Secondary fermentation question

Homebrew Talk - Beer, Wine, Mead, & Cider Brewing Discussion Forum

Help Support Homebrew Talk:

michaelpeach76

Well-Known Member
Joined
Sep 4, 2011
Messages
81
Reaction score
0
When ever I normally go into dry hopping or adding aroma with other ingredients I usually first rack to a secondary (glass carboy). 4 days ago I brewed a smoked vanilla porter and will enlist secondary fermentation for vanilla bean and oak chips. Question is; can I leave the wort in my primary fermentor and do the secondary aromatics there...just open the lid after a week and add my aromatics, leave for a week then rack to bottling bucket? With the exception of adding the aromatic ingredients I want to leave the wort as un-disturbed as possible until bottling.
 

RM-MN

Supporting Member
HBT Supporter
Joined
Nov 26, 2010
Messages
14,668
Reaction score
5,505
Location
Solway
When ever I normally go into dry hopping or adding aroma with other ingredients I usually first rack to a secondary (glass carboy). 4 days ago I brewed a smoked vanilla porter and will enlist secondary fermentation for vanilla bean and oak chips. Question is; can I leave the wort in my primary fermentor and do the secondary aromatics there...just open the lid after a week and add my aromatics, leave for a week then rack to bottling bucket? With the exception of adding the aromatic ingredients I want to leave the wort as un-disturbed as possible until bottling.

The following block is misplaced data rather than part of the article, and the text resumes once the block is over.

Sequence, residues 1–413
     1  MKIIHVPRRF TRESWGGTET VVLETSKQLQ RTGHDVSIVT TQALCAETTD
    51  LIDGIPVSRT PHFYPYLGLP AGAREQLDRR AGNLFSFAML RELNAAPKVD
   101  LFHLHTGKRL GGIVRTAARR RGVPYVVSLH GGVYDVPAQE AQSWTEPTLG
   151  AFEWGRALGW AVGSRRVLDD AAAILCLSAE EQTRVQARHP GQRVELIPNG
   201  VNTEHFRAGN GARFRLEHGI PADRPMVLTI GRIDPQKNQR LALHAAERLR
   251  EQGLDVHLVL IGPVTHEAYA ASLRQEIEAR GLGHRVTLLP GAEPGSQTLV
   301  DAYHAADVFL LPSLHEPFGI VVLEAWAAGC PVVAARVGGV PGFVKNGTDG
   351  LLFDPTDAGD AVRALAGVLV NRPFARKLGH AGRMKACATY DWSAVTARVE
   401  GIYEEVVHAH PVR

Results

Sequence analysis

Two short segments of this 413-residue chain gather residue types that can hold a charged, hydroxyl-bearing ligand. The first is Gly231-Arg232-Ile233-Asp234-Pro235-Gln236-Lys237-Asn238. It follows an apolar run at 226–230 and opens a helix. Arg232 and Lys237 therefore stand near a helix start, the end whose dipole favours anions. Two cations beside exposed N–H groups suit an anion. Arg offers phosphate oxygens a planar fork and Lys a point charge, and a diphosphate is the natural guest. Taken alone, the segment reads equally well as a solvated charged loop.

Many of us do most of our brewing in the primary including dry hopping. The exceptions are for long term aging of a barleywine and things that are added that might get lost in the trub layer. Your vanilla beans and oak chips could be some of the exceptions.:rockin:
 

vindee

Well-Known Member
Joined
Jan 1, 2011
Messages
266
Reaction score
32
Location
Lake Tapps
I usually do around three weeks in the primary. When fermentation looks to be done, (around a week into it) I add my dry hops then without racking to a clean carboy.
Great aroma and hop flavor without running any additional risk of exposing the beer to the elements.
 
Top